The mean green machine you see here is the Lamborghini Huracan GT3, which hits race tracks this year in the Blancpain Endurance Series (BES).
Unlike the previous Gallardo GT3, built by Reiter Engineering with factory support but little direct input, the Huracan GT3 has been designed and developed entirely in-house by the newly formed Lamborghini Squadra Corse outfit.
It’s a pretty serious piece of kit, too. The basic bodyshell and engine are taken from the production line, as per GT3 rules, but pretty much everything is new, honed for competition. The front and rear subframes, for instance, have been rejigged to accommodate a race-spec radiator and better positioning of the gearbox. Those are very fine details.
That gearbox is a six-speed sequential unit, rather than the road car’s dual-clutch unit, sending drive to the rear wheels. The engine is rigidly mounted to the body. The brakes are enormous (380mm front; 355mm rear). The ABS has 12 different settings, with a similar amount for the traction control (GT3 drivers vary hugely in ability).
There’s all the usual safety kit: massive rollcage, carbonfibre seat, extinguisher system and so on. Lamborghini has added a neat little touch as well, installing a roof hatch that gives medical personnel easy access to the driver.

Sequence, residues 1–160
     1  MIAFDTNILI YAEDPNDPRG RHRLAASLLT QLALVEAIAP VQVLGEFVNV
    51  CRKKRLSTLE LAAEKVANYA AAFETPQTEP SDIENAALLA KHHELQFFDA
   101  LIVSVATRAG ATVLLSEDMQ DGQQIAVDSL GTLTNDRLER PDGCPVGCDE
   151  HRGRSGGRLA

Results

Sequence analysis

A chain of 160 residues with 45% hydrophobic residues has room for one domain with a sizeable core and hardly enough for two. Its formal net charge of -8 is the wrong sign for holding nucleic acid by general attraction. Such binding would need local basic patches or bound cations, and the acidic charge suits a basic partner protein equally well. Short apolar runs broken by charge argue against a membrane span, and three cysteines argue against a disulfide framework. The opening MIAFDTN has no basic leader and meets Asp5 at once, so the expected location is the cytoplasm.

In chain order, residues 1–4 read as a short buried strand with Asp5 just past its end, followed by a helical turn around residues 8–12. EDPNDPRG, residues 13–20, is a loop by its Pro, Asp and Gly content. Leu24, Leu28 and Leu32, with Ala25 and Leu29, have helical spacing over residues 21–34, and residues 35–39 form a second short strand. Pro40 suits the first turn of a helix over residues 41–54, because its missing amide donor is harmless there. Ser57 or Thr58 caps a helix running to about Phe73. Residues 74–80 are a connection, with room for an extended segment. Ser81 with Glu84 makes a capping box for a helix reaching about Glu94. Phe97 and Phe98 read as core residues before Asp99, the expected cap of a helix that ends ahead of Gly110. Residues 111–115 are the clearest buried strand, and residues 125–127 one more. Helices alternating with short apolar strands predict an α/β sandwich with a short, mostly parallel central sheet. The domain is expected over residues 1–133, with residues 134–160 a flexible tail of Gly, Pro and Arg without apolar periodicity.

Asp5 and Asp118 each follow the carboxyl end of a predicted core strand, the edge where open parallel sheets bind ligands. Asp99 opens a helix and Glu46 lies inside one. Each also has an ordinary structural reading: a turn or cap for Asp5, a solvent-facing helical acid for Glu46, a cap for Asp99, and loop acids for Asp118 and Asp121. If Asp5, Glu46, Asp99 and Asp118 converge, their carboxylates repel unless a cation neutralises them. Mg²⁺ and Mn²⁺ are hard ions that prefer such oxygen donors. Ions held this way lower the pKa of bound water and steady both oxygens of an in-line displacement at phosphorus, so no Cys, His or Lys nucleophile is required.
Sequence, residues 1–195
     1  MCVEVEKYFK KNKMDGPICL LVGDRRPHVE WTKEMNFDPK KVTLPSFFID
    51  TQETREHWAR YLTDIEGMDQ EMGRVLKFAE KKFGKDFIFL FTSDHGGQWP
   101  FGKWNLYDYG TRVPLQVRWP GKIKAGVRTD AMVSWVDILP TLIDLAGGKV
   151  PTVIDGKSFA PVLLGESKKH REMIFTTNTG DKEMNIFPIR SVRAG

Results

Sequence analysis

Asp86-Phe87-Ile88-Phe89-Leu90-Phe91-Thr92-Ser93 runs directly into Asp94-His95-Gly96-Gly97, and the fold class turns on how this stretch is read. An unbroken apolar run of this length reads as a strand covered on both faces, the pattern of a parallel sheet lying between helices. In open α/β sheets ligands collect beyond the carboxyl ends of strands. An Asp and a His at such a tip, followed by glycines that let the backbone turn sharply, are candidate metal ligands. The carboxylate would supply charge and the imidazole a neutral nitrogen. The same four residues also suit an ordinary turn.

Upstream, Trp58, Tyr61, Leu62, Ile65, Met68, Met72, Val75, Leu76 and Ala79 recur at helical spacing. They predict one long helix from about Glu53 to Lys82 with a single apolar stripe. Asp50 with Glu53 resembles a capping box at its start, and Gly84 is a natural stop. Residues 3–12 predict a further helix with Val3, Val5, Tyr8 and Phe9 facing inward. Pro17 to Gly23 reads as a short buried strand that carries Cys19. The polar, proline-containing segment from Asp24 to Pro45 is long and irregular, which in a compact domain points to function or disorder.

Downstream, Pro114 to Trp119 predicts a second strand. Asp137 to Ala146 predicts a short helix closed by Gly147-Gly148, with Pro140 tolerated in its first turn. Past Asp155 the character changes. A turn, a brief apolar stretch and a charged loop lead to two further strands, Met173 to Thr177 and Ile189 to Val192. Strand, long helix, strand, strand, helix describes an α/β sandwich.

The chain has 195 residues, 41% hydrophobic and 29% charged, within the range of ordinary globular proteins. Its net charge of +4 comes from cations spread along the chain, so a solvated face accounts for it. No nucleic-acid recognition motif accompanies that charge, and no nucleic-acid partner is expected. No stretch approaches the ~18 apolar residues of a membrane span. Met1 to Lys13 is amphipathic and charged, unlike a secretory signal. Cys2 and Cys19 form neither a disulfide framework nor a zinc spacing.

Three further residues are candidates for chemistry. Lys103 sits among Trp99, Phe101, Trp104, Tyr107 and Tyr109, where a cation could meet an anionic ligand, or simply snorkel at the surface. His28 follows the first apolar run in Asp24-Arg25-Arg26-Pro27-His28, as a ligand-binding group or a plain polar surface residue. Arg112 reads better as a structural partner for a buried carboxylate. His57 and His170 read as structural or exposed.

The bodywork is made of lightweight composites, with all the usual skirts, splitters, spoilers and diffusers to keep the Huracan GT3 glued to the track. The design team had direct input from Gian Paolo Dallara, probably the most successful racing car manufacturer there has ever been. Anyone getting behind the wheel will feel secure in the knowledge that it is the real deal.
Will it be fast, though? The Huracan GT3 uses the same 5.2-litre, direct injection V10 engine as the road car, upgraded with a Bosch Motorsport ECU and specially designed electronics better suited to the demands of racing. As standard, the engine produces 602bhp, but the racer’s power output won’t be set until it has gone through the Balance of Performance tests that equalise the lap times of the diverse GT3 field. Most put out around 500bhp.
Austrian team Grasser Racing will run two Huracan GT3s in the BES this year, as the defacto works squad. Factory drivers Fabio Babini and Adrian Zaugg will lead the driving strength, alongside Giovanni Venturini, Jeroen Mul and Andrew Palmer from Lambo’s Young Driver Program, and Mirko Bortolotti, and Lamborghini Super Trofeo series graduate Mirko Borotolotti.
Privateer teams will be able to buy a Huracan GT3 as well, for the not outrageous sum of EUR369,000 (before tax). That’s less than a third the price of a McLaren P1, for a car that’s probably quicker round a track.
The BES gets underway at Monza in Italy on 11 April. For more information click here.